Sung music enthusiasts, get ready for a massive binge of vocal events: the summer season of the SF Opera just started last Friday night with Nixon in China (more below); it goes on with Attila, a Verdi opera that you don't hear too often, and the Magic Flute, which you do hear quite often, but not in this new English version. The SF Symphony is countering with Bela Bartok's Bluebeard Castle, a one hour opera in a semi-staged version next week at Davies Symphony Hall. There will be a few Berg and cabaret songs in the Ojai North festival, a series of exciting concerts curated by pianist Leif-Ove Andsnes at Zellerbach Hall, but it's mostly the confluence of modern and classic music (Beethoven and Sørensen, Grieg and Kurtag) and the artistry of Leif-Ove and his fellow keyboardist Marc-Andre Hamelin that will draw you there.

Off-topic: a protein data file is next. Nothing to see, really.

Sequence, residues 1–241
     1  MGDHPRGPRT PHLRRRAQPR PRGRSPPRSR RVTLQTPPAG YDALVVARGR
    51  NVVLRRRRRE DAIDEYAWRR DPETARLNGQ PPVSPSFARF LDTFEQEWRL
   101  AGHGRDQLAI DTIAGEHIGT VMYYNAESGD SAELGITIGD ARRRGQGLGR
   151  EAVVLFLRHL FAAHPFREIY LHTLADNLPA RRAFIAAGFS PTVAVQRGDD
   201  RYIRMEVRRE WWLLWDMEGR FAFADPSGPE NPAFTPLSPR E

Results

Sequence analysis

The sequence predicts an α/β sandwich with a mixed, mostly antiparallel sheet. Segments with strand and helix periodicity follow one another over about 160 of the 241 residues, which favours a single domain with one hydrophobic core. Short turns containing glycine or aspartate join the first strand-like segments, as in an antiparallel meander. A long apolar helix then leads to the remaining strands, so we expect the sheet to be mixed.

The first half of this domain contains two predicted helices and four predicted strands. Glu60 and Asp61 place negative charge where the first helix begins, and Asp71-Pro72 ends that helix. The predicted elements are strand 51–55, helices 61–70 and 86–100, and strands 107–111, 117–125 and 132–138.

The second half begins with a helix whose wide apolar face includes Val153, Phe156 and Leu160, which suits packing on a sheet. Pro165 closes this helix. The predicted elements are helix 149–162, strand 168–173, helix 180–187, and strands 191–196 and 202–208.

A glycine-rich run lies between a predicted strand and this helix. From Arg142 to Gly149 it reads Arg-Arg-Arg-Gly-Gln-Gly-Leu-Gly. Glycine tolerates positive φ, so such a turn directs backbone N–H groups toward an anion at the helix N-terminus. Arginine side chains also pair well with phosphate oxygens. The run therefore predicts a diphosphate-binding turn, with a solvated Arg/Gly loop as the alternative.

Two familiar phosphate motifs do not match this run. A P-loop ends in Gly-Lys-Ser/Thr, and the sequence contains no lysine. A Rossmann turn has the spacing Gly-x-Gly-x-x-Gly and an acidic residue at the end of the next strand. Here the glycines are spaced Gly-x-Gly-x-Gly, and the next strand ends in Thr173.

David Gockley, now the general director of the SF Opera, commissioned Nixon in China back when he was assuming the same role in Houston. It was the first opera of John Adams, who happens to live in Berkeley and has taught at the SF Conservatory in the '80s, who is more or less omnipresent around the Bay music scene. The question should really be: since Gockley joined the SF Opera in 2006, what took so long to bring the SF premiere of the opera? After all, it's the rare modern opera that has legs, with close to forty productions worldwide since its premiere. The performance we saw on opening night sealed the deal: this extended local absence has been an unfortunate oversight. It's a very impressive must see score. It has a unique indispensable voice, a very idiosyncratic blend of genres putting together minimalist arpeggiated figures layered with more lyrical, traditional orchestrations. Its post-minimalist post-romantic fusion brings out a wealth of vibrant colors and atmospheres, from a rather drab (non)storyline.